Oregon Secretary of State Dennis Richardson today announced that federal officials told his office that "Russian government" representatives tried unsuccessfully to hack into Oregon's elections system during the 2016 general election.
Richardson's elections director, Steve Trout, got the news in a brief phone call with two federal Department of Homeland Security officials.
DHS officials on the call told Trout that hackers scanned the elections division's internet-connected architecture but did not try to enter or exploit the system. It is unclear exactly who the hackers were: If DHS knows, its officials didn't tell Trout.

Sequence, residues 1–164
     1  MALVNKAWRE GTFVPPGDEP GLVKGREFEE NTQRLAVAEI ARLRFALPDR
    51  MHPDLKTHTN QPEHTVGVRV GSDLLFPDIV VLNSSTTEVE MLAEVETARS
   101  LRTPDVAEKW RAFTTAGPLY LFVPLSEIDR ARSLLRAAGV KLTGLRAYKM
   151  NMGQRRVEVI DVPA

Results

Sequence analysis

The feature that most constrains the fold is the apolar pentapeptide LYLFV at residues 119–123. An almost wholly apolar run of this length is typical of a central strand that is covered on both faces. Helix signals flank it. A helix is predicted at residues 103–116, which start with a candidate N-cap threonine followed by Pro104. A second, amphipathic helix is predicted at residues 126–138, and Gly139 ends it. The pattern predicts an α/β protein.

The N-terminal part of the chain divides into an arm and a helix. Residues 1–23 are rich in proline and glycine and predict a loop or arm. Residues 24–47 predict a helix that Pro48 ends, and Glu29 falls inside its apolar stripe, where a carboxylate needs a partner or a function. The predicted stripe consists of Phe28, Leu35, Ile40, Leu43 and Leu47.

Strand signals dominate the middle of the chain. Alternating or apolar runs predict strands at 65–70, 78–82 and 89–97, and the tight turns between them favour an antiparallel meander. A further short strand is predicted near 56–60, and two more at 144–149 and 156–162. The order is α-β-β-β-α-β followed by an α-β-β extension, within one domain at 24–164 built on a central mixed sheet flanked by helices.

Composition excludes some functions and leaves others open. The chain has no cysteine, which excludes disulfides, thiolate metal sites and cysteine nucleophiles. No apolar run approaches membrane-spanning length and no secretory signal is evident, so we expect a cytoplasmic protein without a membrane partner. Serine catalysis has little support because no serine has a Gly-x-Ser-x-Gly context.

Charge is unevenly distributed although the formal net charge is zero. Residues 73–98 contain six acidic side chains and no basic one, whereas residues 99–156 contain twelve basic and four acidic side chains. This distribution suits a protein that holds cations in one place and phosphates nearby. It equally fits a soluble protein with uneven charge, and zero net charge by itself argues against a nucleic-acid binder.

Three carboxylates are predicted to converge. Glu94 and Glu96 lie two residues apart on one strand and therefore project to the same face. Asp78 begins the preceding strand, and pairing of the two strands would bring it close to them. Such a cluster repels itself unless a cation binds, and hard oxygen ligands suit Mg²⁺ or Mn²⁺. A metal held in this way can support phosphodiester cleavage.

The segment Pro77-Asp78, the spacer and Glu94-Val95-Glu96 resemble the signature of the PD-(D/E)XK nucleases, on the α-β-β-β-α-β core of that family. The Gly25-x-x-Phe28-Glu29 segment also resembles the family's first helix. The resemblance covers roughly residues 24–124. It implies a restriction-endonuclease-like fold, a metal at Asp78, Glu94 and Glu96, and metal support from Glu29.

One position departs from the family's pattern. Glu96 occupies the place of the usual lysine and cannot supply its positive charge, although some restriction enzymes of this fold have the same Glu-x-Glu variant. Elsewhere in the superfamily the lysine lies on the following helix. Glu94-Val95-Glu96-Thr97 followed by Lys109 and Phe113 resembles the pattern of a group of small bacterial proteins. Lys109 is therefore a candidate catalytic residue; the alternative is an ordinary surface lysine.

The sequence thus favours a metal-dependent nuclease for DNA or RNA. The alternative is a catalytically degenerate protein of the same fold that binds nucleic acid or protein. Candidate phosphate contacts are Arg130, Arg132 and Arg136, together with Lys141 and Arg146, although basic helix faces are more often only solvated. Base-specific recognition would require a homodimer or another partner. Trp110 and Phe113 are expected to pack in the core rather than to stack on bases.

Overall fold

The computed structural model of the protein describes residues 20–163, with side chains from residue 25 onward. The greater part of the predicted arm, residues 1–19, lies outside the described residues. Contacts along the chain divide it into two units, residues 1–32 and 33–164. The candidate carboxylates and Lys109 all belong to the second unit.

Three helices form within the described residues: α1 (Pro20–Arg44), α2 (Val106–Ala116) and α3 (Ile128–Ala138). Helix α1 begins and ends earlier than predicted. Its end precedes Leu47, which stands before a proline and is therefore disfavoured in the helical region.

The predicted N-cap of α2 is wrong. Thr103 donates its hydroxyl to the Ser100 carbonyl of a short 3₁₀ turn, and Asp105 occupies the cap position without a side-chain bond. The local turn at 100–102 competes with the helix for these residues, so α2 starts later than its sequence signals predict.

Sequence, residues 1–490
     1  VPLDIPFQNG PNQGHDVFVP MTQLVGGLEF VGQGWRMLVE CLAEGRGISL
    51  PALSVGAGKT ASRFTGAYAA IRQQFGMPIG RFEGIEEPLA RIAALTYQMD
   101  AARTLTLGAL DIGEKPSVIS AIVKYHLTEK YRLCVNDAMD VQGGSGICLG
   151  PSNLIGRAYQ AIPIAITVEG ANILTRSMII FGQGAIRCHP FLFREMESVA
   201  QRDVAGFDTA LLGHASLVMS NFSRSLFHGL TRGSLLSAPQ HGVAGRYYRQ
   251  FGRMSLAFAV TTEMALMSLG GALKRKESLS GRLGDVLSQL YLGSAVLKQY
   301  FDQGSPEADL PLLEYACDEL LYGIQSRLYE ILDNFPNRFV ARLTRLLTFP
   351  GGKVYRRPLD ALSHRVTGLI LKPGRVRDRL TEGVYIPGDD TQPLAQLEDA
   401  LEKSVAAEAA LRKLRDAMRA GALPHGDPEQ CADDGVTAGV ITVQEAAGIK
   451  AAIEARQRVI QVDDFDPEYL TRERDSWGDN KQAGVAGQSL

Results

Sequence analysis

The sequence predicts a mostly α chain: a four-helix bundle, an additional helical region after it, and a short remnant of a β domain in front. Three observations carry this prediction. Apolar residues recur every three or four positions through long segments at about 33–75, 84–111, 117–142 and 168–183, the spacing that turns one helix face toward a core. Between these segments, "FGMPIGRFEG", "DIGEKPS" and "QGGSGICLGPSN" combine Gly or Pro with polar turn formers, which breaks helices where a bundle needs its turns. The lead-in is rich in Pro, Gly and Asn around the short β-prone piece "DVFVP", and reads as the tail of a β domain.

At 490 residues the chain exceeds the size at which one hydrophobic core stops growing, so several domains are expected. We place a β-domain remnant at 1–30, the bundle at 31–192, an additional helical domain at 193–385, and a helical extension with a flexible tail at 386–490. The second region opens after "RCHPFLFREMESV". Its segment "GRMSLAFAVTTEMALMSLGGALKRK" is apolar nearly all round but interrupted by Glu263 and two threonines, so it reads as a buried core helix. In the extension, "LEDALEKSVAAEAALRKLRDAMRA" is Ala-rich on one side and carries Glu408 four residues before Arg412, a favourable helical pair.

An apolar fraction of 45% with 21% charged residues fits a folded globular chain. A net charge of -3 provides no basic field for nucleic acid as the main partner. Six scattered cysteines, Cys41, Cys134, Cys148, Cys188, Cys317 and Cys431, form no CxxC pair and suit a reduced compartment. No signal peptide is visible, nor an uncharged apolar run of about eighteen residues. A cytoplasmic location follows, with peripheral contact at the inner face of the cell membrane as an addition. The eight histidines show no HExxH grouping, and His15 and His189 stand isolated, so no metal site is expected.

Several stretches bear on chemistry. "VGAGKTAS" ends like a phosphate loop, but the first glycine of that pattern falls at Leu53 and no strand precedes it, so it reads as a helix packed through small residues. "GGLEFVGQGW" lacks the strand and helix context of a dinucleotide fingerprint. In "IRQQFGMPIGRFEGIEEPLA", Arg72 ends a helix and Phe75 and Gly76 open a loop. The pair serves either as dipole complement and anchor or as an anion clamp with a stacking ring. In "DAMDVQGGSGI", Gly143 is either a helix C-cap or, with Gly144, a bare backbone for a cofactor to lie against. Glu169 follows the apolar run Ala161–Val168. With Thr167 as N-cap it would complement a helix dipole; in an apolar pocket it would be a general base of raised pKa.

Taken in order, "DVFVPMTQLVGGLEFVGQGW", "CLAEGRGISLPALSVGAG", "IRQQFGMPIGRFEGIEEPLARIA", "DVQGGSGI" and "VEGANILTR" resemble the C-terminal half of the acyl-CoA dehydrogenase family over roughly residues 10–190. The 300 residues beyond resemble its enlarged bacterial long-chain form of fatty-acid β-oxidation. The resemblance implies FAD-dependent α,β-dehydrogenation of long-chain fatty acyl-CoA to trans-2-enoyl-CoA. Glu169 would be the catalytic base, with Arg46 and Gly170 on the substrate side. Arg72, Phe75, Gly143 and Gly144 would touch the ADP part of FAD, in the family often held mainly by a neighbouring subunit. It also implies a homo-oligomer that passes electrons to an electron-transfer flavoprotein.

The analogy for what happened is this, says Richardson's chief of staff, Debra Royal: A thief walks down the street checking car door handles to see if they are unlocked.
Oregon's doors were locked.
The Associated Press reported separately that DHS today notified a total of 21 states that Russians had tried to hack their elections systems, largely without success.
"We are proud of our team," Richardson says. "The fact that DHS confirmed that we had no Russian intrusions is a testament to the strength of the network security program we have in place."